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Frostbite to the nose, two sprained ankles and damaged wrists…these were just some of the hardships that Mostafa Salameh endured as he attempted to travel 890 kilometres by foot and skis to reach the South Pole back in 2016. But challenge is the fuel that fires the soul of this Muslim man who was born a refugee to Palestinian parents and who spent his first 18 years in a Kuwaiti refugee camp.
We caught up with Mostafa to find out more about how he became one of the world’s most accomplished adventurers.
Born a refugee, I had no expedition experience, no money and no adventure contacts. I had a vision that my mission in life was to climb the world’s highest mountain and the audacity to approach the King of Jordan to help make that dream a reality.
My family spent 18 long years in a Kuwait refugee camp. During this period my father studied arduously in an effort to use the time positively. Eventually, we were granted citizenship to Jordan.
“I had a dream that I was on top of the world. Praying for peace.”
My entry into mountaineering wasn’t an obvious one. I had a dream that I was on top of the world. Praying for peace. The dream stayed with me and after doing some research, I realised my destination was Mount Everest. “
It was far from easy. I had a dream and I was committed to that goal. My car was sold along with many other possessions. With belief and a great faith I made the giant leap.
I have my fair share of world firsts. By 2016 I had climbed the 7 Summits, become the first Jordanian to scale Mount Everest and was the first Muslin to reach the South Pole.
“Some days were incredibly lonely and there is no contact with the outside world, no internet and nothing but vast swathes of ice and snow.”
The South Pole was the most difficult thing I ever did. I would say more difficult than Everest. I had to spend a full year learning to ski in preparation for the expedition so that I could drag his 190lb of supplies by sled across the snow and ice.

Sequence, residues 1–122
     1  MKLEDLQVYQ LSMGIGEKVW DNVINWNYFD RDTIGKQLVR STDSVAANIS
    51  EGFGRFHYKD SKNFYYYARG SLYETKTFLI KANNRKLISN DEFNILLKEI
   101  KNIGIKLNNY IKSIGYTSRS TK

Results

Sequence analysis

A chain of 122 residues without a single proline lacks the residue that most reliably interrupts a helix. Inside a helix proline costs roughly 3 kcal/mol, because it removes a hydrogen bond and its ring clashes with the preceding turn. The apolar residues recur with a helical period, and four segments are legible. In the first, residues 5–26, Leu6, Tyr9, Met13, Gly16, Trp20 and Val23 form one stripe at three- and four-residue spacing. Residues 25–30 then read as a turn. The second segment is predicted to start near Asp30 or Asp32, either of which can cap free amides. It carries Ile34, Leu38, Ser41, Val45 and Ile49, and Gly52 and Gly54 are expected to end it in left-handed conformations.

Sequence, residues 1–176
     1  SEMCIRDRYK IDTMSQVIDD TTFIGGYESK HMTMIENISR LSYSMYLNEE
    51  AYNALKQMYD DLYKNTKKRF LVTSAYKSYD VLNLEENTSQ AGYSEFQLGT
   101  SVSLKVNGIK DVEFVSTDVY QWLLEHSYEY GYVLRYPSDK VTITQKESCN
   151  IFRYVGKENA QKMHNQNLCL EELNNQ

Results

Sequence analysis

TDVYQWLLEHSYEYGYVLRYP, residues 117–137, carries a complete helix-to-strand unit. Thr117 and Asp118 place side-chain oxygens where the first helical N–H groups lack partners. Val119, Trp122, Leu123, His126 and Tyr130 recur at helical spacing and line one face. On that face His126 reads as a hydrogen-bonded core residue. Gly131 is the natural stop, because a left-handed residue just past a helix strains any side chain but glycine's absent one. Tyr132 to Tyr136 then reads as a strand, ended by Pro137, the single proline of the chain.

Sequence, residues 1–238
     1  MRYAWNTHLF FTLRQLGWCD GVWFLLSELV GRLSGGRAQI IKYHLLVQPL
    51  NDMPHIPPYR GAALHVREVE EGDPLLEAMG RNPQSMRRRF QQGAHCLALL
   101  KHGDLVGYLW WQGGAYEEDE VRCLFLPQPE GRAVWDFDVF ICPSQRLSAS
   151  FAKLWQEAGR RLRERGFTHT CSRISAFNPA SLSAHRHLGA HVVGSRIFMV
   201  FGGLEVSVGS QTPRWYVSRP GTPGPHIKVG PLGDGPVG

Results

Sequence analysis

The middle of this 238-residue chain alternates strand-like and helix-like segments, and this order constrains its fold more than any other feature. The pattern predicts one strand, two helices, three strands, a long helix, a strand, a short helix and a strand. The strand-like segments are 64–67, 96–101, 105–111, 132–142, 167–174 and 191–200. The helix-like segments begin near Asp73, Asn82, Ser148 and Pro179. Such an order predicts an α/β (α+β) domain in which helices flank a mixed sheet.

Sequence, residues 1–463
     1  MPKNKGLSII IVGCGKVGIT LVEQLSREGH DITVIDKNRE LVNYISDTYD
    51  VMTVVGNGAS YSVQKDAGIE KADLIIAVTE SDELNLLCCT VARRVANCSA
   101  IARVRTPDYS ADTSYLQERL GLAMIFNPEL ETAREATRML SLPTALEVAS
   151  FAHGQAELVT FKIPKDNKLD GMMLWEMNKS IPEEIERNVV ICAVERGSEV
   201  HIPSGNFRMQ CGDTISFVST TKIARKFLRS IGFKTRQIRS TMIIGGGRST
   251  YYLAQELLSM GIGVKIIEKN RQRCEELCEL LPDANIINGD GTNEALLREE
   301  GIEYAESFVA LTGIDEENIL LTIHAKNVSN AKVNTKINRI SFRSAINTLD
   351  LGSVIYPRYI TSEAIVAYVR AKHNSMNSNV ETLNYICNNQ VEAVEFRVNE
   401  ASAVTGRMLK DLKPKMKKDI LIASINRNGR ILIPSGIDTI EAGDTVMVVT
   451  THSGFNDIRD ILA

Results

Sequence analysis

Some days were incredibly lonely and there is no contact with the outside world, no internet and nothing but vast swathes of ice and snow. But while there I was totally concentrated on the journey and I had to enjoy it day by day.
The journey took 54 days in total and 38 of those were spent on skis. For 13 days we were stuck in our tents due to a ferocious storm and had to wait patiently for the weather to improve.
I’ve learned to deal with setbacks. I carried The Qur’an with me and listened to my house music. I was blessed with great team-mates Sharom, Stew, and our guide Devon.
“I have three simple messages: the peaceful promotion of Islam, cancer awareness and to inspire others into the world of adventure.”
I was so motivated to finish as I was to become one of 12 people in the world to complete this grand slam. I am also the first Muslim on record to complete the journey. There was a pure joy in reaching my goal.
I try and use the recognition I’ve received in positive ways. I have three simple messages: the peaceful promotion of Islam, cancer awareness and to inspire others into the world of adventure.
“There are so many beautiful, kind people in the world and we need only step outside our comfort zone to find them.”
It is not the expeditions I remember but the people. There are so many beautiful, kind people in the world and we need only step outside our comfort zone to find them.
I use my newfound profile in Jordan as a springboard for positive change. I travel regularly in a bid to spread the message of peace and tolerance. We must tackle the narrow narrative of impoverished and angry youngsters. There is an onus on people like me to give something back.
Travelling to some of the most war-torn regions of the world, I want to tackle radicalisation. By relaying my experiences I hopes to broaden the horizons of disaffected young Muslims on the margins of society.
It’s such a big world out there. There is so much to witness and so many adventures to be had. We must tackle the narrow narrative of impoverished and angry youngsters. There is an onus on people like me to give something back. This is how I do it.
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